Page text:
The collapse of the Suharto dictatorship in May 1998 was a key factor in the stepping-up in activity of the East Timorese national liberation struggle. With the caretaker government of president B. J. Habibie announcing it would offer some form of autonomy (along with troop reductions from June) and the TNI on the back foot in the face of the political upheaval within Indonesia, this gave added confidence and drive to the liberation movement. Outside of East Timor, the collapse of the Suharto regime led to stepped-up efforts on the diplomatic front with a push for fast-tracking tripartite talks involving the UN, Indonesia and Portugal (the former colonial power in East Timor prior to the country’s short-lived period of independence in 1975). East Timorese resistance leaders lobbied to be included in the talks as legitimate representatives.

Within East Timor, students and other youth activists had been strongly influenced by the radical wing of the Indonesian pro-democracy movement and the mass anti-Suharto dictatorship struggle. They used the period from June through August to organise “dialogue” meetings, which involved teams of student activists travelling through the districts and organising impromptu meetings about the options being offered in the referendum. Open forums and discussions like these had never been seen before under Indonesian military occupation and gave new impetus and determination for independence rather than becoming a “special autonomous region” within the Republic of Indonesia.

The situation also provided a new tactical period for the armed resistance movement Falintil which while still vastly out-numbered and under-resourced compared to the TNI was able to conduct some more successful guerrilla strikes and harrying of Indonesian forces. Falintil was also able to consolidate some of its remote bases and encampments as well as strengthen links with new youth activists involved in open and underground resistance activity. The TNI chiefs and their East Timorese political collaborators sought to turn this situation around as quickly as possible.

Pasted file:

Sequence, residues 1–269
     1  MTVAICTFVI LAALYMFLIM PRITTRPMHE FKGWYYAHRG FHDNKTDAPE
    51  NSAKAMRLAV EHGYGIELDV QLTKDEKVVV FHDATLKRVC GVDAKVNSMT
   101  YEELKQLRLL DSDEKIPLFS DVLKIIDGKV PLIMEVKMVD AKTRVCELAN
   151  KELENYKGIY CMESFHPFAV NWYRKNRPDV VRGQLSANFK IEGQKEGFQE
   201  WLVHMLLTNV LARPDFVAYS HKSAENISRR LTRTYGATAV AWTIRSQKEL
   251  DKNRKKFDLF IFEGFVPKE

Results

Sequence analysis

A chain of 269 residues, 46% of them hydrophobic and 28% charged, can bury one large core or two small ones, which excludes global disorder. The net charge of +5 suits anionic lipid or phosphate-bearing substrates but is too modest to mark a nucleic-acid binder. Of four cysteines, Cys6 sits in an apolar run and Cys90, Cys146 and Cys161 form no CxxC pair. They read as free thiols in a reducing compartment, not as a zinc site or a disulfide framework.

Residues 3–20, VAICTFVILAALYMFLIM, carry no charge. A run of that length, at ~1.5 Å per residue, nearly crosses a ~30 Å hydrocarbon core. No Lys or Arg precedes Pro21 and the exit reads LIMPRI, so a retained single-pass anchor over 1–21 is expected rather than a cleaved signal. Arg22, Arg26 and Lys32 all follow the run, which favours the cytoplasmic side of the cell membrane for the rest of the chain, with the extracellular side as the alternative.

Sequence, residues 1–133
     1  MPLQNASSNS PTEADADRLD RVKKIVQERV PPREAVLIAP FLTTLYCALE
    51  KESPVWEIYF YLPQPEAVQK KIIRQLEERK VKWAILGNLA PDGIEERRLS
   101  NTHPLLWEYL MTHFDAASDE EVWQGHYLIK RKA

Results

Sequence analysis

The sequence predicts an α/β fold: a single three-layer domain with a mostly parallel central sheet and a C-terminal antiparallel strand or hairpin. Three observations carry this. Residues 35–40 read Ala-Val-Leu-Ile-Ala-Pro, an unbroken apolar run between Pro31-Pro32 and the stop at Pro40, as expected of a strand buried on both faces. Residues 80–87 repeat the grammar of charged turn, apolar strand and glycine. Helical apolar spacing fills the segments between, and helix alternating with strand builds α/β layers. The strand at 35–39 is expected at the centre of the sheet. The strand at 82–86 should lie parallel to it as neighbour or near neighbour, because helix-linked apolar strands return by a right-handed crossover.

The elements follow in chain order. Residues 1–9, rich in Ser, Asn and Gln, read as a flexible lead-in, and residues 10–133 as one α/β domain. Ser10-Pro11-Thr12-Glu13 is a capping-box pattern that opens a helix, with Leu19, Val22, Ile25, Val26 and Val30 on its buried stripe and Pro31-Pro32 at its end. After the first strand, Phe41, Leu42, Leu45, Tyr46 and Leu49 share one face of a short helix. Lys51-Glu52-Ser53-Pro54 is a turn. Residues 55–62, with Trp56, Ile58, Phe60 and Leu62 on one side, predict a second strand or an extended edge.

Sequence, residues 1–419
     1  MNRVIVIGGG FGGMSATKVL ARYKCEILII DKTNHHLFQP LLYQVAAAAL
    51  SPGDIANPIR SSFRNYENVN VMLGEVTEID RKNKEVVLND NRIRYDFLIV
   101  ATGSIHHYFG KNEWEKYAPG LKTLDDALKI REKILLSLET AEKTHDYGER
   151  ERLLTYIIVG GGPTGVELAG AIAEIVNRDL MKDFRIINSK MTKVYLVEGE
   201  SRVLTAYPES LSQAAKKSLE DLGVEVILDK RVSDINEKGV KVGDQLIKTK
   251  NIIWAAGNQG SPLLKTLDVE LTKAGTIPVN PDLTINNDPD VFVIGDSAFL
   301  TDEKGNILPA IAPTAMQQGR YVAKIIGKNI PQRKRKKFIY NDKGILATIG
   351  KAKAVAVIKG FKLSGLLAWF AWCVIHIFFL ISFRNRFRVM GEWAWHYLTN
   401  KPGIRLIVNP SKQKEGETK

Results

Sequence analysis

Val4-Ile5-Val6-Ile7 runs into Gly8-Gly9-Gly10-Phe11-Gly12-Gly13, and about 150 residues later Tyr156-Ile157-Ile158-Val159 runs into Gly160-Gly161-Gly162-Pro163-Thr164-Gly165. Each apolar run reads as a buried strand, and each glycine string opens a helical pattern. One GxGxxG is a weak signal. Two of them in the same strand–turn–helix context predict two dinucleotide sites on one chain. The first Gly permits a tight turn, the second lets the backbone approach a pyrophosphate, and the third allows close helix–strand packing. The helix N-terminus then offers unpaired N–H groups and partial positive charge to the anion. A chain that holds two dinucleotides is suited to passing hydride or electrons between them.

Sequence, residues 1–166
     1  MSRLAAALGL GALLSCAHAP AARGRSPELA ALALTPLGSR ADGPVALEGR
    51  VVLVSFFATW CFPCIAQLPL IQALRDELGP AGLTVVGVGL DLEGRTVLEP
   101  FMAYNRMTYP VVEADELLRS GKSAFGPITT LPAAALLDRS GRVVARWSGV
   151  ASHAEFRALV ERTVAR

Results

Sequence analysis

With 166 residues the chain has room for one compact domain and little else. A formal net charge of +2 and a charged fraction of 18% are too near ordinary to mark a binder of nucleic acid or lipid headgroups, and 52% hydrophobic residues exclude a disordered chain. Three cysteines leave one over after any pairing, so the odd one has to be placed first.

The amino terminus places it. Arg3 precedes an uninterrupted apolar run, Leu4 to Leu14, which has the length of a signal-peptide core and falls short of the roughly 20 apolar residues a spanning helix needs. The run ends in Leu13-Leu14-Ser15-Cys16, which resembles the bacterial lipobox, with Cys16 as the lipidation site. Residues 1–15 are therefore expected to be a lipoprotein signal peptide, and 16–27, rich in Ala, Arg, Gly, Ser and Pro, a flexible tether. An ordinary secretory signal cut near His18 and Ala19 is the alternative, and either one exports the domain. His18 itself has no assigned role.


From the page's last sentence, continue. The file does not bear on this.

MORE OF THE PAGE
By October 1998, the campaigning for independence had increased markedly. In mid-October tens of thousands (reports at the time varied from 15,000-60,000) participated in two days of protest action in Dili, demonstrating against the decision of the pro-Indonesian governor, Abilio Osorio Soares, to sack civil servants who were not pro-integration. Cars and trucks and motorbikes cavalcaded repeatedly around Dili and civil-servants staged a “stay-at-home” strike.

Between June and October 1998, the Indonesian government had been claiming that it had been reducing troop numbers in East Timor. Televised departures of Indonesian troops from Dili harbour proved to be a stage-show — troop numbers actually increased and TNI forces were secretly redeployed in locations across East Timor or re-entered along the West Timor border. These forces included new contingents of the infamous Kopassus special operations forces and associated secret intelligence operatives. By the end of 1998, East Timorese resistance leaders and international solidarity groups estimated that the Indonesian troop levels exceeded 25,000 (around one soldier for every 40 East Timorese).